This editorial article is a part of Technology of the Future Month 2022 in Technical.ly's editorial calendar. This month’s theme is underwritten by Verizon 5G. This story was independently reported and not reviewed by Verizon 5G before publication.
In collaboration with Strip District-based autonomous vehicle company Aurora, Pittsburgh Technical College launched an 18-month associate’s degree program for robotics and autonomous engineering technology this past October.
The goal was to train workers who could sustain Pittsburgh’s robotics prowess on the technician side. Classes cover topics like computer-aided design, blueprint reading, electronics, robotics, technical report writing, physics and the like, plus a hands-on industry internship.
While graduates are not guaranteed jobs at Aurora or required to work there if they do get an offer, the company does make connections for them throughout the program. David Becker, PTC’s academic chair of trades, electronics and technology, told Technical.ly back in August that this a good partnership because, simply, PTC trains technicians and Aurora wants technicians. The program is taught by PTC professors, with some help from Aurora employees who assisted in writing the curriculum.
On Wednesday, two months into the 13-student inaugural cohort, Aurora hosted some of the students at the company’s HQ so that they could ask questions and hear from Aurora’s employees about what the company does, and get advice for the future.
Panelists wanted the dozen or so students present to know that there’s not one correct path into the field. Juliana Bednarski, senior manager of HR business partners at Aurora, said that unconventional majors can lead to promising career paths, and that Aurora takes a wide variety of factors into consideration when filling entry-level positions.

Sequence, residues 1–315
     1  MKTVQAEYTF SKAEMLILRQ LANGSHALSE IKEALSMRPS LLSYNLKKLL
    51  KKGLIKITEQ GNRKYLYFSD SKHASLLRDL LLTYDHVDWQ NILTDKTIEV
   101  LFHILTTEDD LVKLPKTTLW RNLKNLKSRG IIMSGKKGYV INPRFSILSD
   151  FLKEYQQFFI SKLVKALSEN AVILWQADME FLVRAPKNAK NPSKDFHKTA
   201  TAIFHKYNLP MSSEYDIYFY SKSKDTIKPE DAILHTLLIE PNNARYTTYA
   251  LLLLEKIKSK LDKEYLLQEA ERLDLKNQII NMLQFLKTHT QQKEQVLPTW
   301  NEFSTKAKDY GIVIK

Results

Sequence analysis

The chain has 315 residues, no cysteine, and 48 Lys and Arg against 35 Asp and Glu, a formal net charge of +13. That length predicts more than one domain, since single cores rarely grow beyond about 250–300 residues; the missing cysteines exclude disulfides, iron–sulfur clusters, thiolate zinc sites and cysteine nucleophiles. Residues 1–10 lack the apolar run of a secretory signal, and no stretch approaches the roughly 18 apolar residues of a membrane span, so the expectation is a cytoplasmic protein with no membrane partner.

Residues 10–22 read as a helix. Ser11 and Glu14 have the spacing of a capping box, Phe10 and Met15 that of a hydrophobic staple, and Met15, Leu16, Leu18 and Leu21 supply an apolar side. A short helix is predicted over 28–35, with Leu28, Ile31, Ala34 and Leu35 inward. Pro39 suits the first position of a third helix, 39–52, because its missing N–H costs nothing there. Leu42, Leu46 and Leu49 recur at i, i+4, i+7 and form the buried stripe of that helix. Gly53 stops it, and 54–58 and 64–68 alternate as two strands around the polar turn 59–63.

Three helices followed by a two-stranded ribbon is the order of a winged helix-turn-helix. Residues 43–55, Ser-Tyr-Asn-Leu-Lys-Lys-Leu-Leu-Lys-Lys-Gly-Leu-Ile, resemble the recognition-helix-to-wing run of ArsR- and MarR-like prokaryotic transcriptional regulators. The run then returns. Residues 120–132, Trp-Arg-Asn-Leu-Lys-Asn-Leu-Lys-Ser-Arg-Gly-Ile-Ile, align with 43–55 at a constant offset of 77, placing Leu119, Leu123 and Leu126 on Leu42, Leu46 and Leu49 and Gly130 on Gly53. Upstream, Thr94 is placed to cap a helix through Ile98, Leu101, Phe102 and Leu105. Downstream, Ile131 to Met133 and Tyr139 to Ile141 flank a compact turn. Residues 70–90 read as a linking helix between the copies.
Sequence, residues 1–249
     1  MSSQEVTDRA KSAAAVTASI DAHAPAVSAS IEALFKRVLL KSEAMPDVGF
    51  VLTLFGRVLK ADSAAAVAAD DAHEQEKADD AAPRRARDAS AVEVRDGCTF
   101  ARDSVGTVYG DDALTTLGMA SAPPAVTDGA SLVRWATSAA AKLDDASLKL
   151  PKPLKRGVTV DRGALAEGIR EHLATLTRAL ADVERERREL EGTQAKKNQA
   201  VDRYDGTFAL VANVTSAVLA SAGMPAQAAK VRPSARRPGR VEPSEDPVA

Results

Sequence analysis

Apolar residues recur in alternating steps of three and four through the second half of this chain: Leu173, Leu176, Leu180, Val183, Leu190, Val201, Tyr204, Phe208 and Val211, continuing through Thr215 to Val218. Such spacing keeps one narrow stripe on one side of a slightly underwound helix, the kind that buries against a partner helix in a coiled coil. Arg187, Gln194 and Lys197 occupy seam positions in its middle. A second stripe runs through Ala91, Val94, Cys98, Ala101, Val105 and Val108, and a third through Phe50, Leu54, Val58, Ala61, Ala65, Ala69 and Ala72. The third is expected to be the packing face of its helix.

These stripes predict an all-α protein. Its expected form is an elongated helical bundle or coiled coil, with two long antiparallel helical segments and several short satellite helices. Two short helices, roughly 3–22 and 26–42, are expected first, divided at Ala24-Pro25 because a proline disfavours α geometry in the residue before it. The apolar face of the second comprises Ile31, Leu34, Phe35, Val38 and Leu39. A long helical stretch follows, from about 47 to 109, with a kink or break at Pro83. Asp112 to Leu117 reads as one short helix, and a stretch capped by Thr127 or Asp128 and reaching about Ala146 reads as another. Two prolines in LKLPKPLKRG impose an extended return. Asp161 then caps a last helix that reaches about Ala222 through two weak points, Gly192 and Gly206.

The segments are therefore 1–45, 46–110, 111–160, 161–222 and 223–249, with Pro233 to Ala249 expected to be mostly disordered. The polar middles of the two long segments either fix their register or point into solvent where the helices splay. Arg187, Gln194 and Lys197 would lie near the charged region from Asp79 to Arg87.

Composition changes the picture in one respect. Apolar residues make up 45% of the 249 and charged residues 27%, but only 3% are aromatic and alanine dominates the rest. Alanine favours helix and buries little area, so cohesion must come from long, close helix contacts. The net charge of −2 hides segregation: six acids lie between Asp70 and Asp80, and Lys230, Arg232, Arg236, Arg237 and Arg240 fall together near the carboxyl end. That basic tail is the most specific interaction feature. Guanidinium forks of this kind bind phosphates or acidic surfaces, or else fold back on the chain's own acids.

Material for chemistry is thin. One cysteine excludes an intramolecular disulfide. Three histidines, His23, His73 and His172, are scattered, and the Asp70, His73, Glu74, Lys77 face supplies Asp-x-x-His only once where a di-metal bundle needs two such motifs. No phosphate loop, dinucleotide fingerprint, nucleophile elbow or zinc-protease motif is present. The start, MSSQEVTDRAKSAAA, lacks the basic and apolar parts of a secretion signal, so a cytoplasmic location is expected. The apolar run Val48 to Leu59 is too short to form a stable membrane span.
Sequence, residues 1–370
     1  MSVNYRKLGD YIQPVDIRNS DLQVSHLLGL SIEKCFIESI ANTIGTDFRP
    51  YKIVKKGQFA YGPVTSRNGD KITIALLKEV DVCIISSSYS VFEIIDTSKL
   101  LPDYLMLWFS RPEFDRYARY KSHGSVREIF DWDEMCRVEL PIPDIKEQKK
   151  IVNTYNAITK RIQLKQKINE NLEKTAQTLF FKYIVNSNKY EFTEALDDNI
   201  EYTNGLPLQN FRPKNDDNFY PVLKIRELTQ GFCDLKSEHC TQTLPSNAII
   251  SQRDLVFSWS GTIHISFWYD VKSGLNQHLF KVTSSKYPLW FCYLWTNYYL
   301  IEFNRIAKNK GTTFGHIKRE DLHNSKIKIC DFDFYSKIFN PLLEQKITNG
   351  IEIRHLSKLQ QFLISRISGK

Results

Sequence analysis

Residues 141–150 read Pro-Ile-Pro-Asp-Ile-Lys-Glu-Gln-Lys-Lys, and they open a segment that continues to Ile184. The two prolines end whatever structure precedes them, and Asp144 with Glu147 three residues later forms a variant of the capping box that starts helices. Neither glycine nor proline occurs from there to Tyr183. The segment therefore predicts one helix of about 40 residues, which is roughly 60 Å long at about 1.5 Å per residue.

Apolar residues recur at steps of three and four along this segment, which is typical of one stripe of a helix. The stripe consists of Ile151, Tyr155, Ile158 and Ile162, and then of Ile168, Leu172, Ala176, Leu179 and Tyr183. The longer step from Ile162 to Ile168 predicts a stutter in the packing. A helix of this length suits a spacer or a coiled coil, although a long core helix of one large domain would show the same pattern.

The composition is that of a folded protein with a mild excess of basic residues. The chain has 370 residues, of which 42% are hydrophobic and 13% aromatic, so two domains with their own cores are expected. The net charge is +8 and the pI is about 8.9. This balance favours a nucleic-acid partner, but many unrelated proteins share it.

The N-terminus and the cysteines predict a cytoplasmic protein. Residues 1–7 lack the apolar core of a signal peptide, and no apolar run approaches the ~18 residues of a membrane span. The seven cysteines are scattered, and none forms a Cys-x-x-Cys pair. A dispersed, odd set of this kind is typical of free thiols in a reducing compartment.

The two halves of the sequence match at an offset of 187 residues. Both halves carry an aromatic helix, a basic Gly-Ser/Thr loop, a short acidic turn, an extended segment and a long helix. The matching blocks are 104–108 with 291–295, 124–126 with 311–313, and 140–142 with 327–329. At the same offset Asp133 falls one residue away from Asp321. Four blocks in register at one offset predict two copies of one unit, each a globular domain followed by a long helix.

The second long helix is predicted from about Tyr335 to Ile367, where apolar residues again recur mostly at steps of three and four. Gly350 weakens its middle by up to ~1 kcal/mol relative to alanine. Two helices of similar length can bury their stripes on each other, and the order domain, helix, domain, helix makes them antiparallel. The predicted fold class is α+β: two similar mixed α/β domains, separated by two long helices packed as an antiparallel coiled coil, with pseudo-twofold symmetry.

If people want to work in the autonomous space or robotic space, this is a fantastic entry-level position.
“In earlier roles, we’re really just looking for the ability to think critically and dedication to our company’s mission,” Bednarski said.
Panelists said, too, that a good first step is not to discount the networking power of the professional platform LinkedIn, as it can lead to jobs and connections that will serve them well in the industry.
Matt Blackburn, senior manager of government relations at Aurora, told Technical.ly that he’d like to see the PTC program become for first-generation college students with an interest in science what nursing school has been for many other lower-income families — that is, something that provides them with opportunity for growth and more stability. Reflecting on the time that employees from Aurora and the PTC spent constructing the curriculum, he said he believes they succeeded in creating something that will train employees for Aurora and companies like it in the region for years to come.
“We had a problem, which was we needed service technicians for the future, and [PTC] had a lot of these training programs already,” he said, so “we bundled it together and included it into an effective program.”
Although there aren’t currently plans to implement the program at other Pittsburgh universities, Blackburn said the company has similar programming at schools in Montana and Texas where it has a presence. In the meantime, while the first class of the program continues its progression, what Blackburn would like any person considering it to know is that this is a good opportunity for a solid entry-level position.
“I want them to walk away from this and know that if they want to work in the autonomous space or robotic space, this is a fantastic entry-level position,” Blackburn said. “Eighteen months, you can get into a career like this. I want people to walk away and not feel that they have to have four-year degree or they can’t do this.”Atiya Irvin-Mitchell is a 2022-2023 corps member for Report for America, an initiative of The Groundtruth Project that pairs young journalists with local newsrooms. This position is supportedby the Heinz Endowments.
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